Dec 25, 2012
Recently, I read a LinkedIn inquiry seeking expertise in the creation of an Expo booth. I am sure many presenters have similar interests.
Expos are amazing, noisy events proliferated with bright signs, moving parts, and a few sharply dressed reps. Looking at Expos holistically by purpose helps to successfully plan one. It’s simple. It’s all about clarity.
Here are a few things I have picked up that have increased our client effectiveness.
Slow down, gain perspective. Keep in mind that while attending expositions, people seek information differently than they might while searching the web or reading trade magazines. Attendees resemble children in a candy store. They are eagerly present. They seek an experience. And they plan to go home with something.
An Expo is 10% Branding
Design your booth to create validity and to set an informed marketing presence. You must be recognizable as an authentic and cohesive vendor. An effective booth design will include the following:
1) Adherence to your overall company marketing plan.
2) Selection of colors from your branding style guide only. Keep your brand pure.
3) Assurance that your logo and tagline are readable from 50 feet and free of clutter. Simplicity wins.
4) Talented, informed representatives who are prepared to be courteous and professional. Look the part.
An Expo is 90% Specific Niche Solution
Show attendees how you solve their needs. Think of your 30 second elevator pitch; a tool that explains why your company is in business; a brief statement of purpose that every employee of your company should have practiced to proficiency. Realize that an exposition is all about taking that elevator pitch live. Communicate the opportunity educating the attendee about solutions you provide them.
Attendees must instantly and readily recognize what’s in it for them. Remember, they are hit with offerings all around. Keep it simple.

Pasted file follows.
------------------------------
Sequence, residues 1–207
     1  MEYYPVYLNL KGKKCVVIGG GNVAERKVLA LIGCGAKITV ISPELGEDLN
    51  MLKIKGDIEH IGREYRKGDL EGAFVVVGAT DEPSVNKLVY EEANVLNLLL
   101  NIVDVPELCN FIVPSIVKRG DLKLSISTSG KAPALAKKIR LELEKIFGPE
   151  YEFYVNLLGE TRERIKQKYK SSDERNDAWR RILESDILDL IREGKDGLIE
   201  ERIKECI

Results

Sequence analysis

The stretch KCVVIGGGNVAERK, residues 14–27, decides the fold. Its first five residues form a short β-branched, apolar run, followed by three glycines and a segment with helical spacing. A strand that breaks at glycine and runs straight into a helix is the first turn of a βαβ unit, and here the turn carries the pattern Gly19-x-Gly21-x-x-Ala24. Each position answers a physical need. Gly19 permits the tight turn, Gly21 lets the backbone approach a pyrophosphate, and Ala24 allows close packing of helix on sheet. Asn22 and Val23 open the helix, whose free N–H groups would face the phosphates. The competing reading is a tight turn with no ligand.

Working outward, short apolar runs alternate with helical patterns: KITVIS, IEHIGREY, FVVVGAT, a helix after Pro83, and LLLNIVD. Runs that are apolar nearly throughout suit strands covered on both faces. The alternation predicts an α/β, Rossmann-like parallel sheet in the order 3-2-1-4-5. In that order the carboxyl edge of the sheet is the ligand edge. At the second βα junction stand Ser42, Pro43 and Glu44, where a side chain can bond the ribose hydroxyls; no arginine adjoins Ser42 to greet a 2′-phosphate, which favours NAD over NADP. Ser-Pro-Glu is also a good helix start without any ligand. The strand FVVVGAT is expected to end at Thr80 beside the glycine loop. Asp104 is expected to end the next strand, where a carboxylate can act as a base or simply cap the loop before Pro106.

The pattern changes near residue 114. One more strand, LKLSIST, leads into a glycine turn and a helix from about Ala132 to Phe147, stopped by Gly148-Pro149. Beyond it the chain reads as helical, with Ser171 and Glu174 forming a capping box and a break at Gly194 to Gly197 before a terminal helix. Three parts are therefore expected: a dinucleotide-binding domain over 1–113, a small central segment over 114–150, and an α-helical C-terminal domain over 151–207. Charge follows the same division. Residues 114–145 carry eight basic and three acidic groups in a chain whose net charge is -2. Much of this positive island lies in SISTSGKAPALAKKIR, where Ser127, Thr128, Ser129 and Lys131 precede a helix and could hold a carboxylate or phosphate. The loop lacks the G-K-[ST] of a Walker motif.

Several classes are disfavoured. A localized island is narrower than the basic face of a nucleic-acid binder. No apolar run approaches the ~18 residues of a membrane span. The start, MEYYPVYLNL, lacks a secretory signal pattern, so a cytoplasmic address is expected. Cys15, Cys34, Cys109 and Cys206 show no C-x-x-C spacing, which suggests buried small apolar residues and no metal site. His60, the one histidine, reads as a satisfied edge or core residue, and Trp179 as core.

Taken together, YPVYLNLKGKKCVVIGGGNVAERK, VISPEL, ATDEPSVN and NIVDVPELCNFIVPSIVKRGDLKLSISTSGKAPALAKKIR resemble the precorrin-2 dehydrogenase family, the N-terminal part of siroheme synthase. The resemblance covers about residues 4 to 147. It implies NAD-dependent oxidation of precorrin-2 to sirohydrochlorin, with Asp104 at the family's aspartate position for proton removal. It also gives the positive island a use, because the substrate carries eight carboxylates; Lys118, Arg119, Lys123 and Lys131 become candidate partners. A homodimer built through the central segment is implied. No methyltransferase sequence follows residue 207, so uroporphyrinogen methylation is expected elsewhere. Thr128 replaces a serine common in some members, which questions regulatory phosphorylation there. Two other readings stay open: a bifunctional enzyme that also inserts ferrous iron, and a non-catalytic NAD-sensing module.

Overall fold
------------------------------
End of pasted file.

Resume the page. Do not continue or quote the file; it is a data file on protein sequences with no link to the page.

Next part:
All booth and print materials must support your claim to providing a solution. Keep content brief and informative while making it understandable for all audiences. Define your acronyms and avoid jargon. Confused or insulted attendees are dissuaded from purchasing.
Train your representatives to act as resourceful and courteous professionals. Begin with how they dress. Assure that your brand is represented tastefully. For instance, if your company colors were red, white, and blue, then one rep may wear a blue shirt while an associate wears a white shirt with blue and red accessories. Always dress in business appropriate attire that will compliment your brand.
The representatives of your company should use support materials such as handouts, charts, and other print materials only as resources. They must first connect and interact verbally with booth visitors. Someone standing at the booth passing out flyers while only smiling is a fail. And worse than that if they are not smiling! Assure that your representatives, smile, approach people respectfully, and are open to effective communication.
As I stated originally, creating an effective booth at an Expo is simple. It’s about clarity. Be eagerly attentive to the little things. Provide clear, concise information in a balanced and fair approach. Your visitors seek an experience. Provide them with one. It’s not the banner only, but your people that create the greatest success.